Tim Bray has a entry on good WebServices practices. Interestingly enough, most of his recommendations are all loosely coupled. That is he recommends, “pass messages”, “use xml” and “asynchrony”.
This reminds me, I’ve added two new entries to the Loosely Coupled table.
The first addition is on transactions, that is a pessimistic locking strategy is more tightly coupled than a optimistic compensation based strategy. The former assumes every participate be in perfect lock step synchrony, the later attempts to perform reconciliation only when necessary.
The second addition in on the concept of classification, Classes assume that reality can be classified into neatly defined categories, Prototypes on the otherhand classfies the world based on what instance an object resembles. Prototypes are more loosely coupled in that the commitment to a classification scheme is done dynamically (i.e. delayed commitment).
Finally, I updated the coordination row to instead describe more familiar instances of central versus distributed coordination. The closest thing I can think of for distributed coordination is a market based approach, however obviously there are others. I’m sure that there’s been a lot of study devoted to the characteristics of designing a distributed coordination protocol. On the other hand, maybe I should have used Robert Milner’s Hierarchical Design versus Heterarchical Phenomena classification.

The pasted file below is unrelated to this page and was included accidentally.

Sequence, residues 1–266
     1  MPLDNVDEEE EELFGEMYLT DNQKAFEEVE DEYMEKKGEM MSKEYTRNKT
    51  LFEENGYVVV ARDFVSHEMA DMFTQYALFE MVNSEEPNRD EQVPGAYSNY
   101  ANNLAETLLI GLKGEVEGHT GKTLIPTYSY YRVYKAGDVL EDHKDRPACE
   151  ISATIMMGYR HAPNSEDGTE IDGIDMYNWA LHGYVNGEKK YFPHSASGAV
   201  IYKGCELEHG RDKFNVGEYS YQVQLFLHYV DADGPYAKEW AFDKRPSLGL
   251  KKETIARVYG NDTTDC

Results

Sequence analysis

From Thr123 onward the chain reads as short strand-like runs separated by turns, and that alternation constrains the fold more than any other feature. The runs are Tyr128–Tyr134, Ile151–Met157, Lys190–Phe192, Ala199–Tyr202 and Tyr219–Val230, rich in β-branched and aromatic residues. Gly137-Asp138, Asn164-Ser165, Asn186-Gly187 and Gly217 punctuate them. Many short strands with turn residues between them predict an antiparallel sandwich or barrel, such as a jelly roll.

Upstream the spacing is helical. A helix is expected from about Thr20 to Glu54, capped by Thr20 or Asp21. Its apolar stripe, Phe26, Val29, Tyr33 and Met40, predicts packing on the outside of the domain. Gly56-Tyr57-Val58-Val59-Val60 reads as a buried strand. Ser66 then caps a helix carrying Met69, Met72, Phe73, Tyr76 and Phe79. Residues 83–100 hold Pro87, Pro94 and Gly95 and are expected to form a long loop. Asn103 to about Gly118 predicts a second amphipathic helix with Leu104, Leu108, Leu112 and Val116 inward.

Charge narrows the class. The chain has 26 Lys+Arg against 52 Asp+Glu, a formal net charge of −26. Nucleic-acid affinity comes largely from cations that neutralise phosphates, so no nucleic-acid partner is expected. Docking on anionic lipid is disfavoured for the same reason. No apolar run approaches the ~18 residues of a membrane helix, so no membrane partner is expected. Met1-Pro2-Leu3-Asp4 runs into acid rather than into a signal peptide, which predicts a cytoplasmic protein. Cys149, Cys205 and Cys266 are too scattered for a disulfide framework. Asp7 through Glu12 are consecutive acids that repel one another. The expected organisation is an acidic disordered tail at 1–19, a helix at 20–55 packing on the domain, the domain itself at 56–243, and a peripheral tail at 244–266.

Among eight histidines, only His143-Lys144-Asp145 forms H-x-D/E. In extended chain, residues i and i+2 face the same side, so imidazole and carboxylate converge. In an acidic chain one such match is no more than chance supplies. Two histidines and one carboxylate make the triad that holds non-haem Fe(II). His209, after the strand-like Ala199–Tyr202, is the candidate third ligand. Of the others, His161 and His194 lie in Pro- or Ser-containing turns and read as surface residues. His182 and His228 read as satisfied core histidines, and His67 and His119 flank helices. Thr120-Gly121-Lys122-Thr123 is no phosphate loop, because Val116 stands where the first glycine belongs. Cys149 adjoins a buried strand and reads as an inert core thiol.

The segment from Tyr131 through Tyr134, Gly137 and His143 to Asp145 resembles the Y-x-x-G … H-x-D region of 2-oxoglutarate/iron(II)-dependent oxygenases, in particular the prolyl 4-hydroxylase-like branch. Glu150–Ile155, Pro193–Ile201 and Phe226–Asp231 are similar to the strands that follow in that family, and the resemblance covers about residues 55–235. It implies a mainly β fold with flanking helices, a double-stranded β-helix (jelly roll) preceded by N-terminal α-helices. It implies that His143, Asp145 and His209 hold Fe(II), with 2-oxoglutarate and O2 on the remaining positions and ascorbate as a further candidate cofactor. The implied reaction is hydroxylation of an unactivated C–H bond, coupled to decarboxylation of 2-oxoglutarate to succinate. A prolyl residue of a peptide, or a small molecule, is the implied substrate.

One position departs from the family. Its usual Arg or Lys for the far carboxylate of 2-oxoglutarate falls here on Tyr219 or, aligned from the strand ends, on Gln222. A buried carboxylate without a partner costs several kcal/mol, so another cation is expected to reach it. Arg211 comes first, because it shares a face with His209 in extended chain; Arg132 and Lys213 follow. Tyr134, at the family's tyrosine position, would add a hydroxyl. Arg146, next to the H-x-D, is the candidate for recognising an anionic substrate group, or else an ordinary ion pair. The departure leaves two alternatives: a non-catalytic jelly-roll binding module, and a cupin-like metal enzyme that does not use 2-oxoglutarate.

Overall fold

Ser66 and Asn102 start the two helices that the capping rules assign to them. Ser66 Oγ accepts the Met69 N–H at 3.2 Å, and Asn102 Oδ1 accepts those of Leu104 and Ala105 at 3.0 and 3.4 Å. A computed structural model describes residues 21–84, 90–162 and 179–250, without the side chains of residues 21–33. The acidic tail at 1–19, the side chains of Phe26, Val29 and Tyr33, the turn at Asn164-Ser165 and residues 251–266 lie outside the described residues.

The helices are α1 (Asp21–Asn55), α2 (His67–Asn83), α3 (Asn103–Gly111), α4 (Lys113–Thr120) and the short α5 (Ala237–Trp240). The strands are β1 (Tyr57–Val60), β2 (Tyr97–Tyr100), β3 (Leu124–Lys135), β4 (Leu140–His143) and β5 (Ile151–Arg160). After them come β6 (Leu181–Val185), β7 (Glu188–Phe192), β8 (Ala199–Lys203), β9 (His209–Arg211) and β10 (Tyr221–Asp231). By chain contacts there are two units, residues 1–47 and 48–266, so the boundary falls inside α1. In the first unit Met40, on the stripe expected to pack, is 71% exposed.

|Tight Coupling||Loose Coupling|
|Interface||Class and Methods||REST like (i.e. fixed verbs)|
|Messaging||Procedure Call||Document Passing|
|Ontology (Interpretation)||By Prior Agreement||Self Describing (On The Fly)|
|Schema||Grammar Based||Pattern Based|
|Communication||Point to Point||Multicast|
|Motivation||Correctness, Efficiency||Adaptability, Interoperability|
|Coordination||Central Command Driven||Market Driven|
|Contracts||By Prior Agreements, Implicit||Self Describing, Explicit|
Apparently, Dale Asberry has found my table to be worth of his attention in his piece “why is distributed so hard?“. He points out the human factors that influence the solution. My one liner reason though is “distribution is hard because achieving consensus is equally hard”. In clear terms, build your systems with the expectation that people will never agree on anything.